Remittance basis: exempt property, lost, stolen or destroyed
Prior to 6 April 2013 property that ceased to be exempt property was treated as having been remitted to the UK at the date it ceased to be exempt. That meant that if property was lost, stolen or destroyed a remittance would have occurred even though the individual would be unable to remove the property from the UK.
From 6 April 2013 section 809Y(4A) ITA 2007 says if the exempt property has either been lost, stolen or destroyed the property will not be treated as remitted during any period:
a) beginning with the time at which it was lost, stolen or destroyed, and
b) (if lost or stolen) ending with the time at which it is recovered.
If a compensation payment is received in respect of exempt property that is lost, stolen or destroyed then if the following conditions are met it is not treated as a taxable remittance to the UK (section 809YF ITA 2007).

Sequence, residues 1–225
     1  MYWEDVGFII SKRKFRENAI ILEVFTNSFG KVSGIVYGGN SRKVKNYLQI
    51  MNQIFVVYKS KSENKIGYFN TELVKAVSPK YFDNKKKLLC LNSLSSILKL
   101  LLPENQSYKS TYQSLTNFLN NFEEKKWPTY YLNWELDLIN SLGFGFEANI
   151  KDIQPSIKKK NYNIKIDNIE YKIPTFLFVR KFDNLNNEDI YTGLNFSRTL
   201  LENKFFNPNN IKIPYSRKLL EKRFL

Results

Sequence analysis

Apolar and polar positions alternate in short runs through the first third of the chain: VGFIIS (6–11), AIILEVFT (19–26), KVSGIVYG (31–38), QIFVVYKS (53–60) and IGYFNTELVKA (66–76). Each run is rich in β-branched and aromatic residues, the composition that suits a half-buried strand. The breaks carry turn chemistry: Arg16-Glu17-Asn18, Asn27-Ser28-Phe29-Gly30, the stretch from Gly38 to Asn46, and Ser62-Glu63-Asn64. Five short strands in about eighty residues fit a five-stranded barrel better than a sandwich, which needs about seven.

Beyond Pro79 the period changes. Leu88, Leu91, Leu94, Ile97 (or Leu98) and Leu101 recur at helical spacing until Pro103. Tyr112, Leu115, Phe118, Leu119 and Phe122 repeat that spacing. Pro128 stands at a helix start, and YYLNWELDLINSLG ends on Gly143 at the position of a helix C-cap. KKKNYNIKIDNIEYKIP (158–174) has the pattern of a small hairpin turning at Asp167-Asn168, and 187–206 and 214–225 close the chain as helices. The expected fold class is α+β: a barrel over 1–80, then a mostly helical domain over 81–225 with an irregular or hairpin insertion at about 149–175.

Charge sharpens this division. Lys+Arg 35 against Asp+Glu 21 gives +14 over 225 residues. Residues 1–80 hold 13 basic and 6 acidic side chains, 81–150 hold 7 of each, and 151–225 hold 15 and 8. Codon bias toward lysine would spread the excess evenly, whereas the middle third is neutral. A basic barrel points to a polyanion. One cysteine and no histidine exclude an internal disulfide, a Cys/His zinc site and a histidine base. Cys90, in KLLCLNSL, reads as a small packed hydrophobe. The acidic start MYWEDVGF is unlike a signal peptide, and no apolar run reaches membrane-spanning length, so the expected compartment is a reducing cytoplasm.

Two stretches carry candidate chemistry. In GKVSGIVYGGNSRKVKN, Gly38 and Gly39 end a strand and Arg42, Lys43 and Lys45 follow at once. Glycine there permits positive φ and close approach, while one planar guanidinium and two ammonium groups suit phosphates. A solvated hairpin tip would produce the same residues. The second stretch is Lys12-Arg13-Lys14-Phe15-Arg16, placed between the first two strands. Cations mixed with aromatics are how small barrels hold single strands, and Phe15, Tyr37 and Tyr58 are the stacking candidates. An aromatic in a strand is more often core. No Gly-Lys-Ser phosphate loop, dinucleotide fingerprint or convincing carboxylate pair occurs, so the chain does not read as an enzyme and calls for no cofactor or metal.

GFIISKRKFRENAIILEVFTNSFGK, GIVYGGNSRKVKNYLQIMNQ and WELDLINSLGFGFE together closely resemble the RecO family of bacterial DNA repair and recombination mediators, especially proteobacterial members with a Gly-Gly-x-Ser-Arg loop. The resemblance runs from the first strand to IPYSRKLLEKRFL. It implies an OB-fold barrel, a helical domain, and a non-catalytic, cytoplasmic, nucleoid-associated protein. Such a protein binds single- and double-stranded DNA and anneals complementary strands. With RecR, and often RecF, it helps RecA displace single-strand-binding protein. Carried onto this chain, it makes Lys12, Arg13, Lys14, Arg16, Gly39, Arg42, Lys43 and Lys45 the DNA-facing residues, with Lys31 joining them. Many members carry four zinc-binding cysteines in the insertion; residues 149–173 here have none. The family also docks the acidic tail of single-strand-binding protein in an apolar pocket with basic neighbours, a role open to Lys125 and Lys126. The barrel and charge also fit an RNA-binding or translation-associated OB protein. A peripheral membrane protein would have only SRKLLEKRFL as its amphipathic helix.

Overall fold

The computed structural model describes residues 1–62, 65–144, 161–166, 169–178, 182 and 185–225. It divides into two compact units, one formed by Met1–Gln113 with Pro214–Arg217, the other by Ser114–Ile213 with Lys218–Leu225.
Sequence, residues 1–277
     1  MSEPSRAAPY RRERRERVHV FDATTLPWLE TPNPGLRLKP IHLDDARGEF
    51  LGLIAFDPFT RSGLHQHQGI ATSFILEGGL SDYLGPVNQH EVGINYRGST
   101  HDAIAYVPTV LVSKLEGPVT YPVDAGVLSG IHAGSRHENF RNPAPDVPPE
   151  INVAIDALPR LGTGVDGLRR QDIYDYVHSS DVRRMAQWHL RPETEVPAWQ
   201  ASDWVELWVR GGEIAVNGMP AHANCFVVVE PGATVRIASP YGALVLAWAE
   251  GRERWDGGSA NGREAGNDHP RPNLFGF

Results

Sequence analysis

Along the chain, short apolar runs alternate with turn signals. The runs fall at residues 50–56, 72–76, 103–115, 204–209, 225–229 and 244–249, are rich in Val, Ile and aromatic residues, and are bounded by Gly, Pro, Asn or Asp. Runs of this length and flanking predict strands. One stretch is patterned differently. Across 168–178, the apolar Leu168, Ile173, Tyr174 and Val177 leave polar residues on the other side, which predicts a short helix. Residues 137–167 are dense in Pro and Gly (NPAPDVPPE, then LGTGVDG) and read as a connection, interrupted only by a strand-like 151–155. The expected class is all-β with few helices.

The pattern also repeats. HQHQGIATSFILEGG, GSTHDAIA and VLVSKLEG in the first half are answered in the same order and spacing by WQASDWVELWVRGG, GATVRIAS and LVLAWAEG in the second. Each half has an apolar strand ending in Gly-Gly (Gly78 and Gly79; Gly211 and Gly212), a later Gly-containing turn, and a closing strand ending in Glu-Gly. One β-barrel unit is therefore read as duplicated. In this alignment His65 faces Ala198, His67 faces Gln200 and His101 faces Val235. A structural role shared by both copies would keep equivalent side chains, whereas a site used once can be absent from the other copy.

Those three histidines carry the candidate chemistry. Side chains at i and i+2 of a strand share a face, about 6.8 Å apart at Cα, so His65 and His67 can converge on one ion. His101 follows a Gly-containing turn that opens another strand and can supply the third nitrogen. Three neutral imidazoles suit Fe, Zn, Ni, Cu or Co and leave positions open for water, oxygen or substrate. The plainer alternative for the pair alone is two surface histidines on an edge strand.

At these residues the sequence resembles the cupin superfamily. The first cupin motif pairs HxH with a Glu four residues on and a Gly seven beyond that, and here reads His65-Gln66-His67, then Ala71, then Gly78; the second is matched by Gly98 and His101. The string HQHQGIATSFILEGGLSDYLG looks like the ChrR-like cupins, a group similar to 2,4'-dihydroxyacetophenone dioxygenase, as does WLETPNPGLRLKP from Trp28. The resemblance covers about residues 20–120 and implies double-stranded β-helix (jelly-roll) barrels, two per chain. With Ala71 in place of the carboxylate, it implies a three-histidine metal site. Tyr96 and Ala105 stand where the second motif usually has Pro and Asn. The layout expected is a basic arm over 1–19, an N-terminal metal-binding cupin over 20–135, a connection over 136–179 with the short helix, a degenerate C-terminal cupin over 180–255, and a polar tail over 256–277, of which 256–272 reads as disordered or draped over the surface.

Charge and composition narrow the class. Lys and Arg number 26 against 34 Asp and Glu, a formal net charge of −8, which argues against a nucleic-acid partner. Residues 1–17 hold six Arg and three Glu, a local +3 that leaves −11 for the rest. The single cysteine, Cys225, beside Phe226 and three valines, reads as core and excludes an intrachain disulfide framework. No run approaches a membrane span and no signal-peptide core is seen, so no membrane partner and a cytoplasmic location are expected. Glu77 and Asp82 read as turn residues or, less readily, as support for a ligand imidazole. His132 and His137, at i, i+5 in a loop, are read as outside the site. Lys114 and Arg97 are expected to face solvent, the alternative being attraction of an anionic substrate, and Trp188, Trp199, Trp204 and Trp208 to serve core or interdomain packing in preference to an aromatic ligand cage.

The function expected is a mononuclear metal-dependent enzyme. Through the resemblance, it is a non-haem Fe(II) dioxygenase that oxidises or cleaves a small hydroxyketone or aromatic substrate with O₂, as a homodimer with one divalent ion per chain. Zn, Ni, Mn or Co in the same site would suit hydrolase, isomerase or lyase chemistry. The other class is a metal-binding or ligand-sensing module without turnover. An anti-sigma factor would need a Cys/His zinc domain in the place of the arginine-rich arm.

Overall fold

Condition A - the whole of the compensation payment is either taken offshore or used to make a qualifying investment (under the business investment relief provisions), or a combination of the two within the period of 45 days, beginning with the day on which the compensation payment is released.
Condition B - if the funds have been used either wholly or in part to make a qualifying investment a claim to relief must be made on or before the first anniversary of 31 January following the tax year in which the payment is released.
Ilsa brings a piece of antique furniture, purchased with her foreign income, to the UK under the temporary importation rule. Ilsa intends to take the property offshore within the 275 day time limit, however it is stolen from her house on 17 September 2014. The day counting stops on the day the property was stolen. An insurance compensation payment is released to Ilsa on 22 March 2015. Provided Ilsa takes the payment offshore, or invests it under the Business Investment Relief provisions (see RDRM34300) within 45 days of receiving it, no remittance will occur.
The compensation payment will be treated as containing or deriving from the same type of income or gains equal to the amounts which were originally contained in the exempt property.
If the compensation payment is subsequently remitted to the UK or if it ceases to meet the qualifying conditions for business investment relief a remittance of foreign income will result.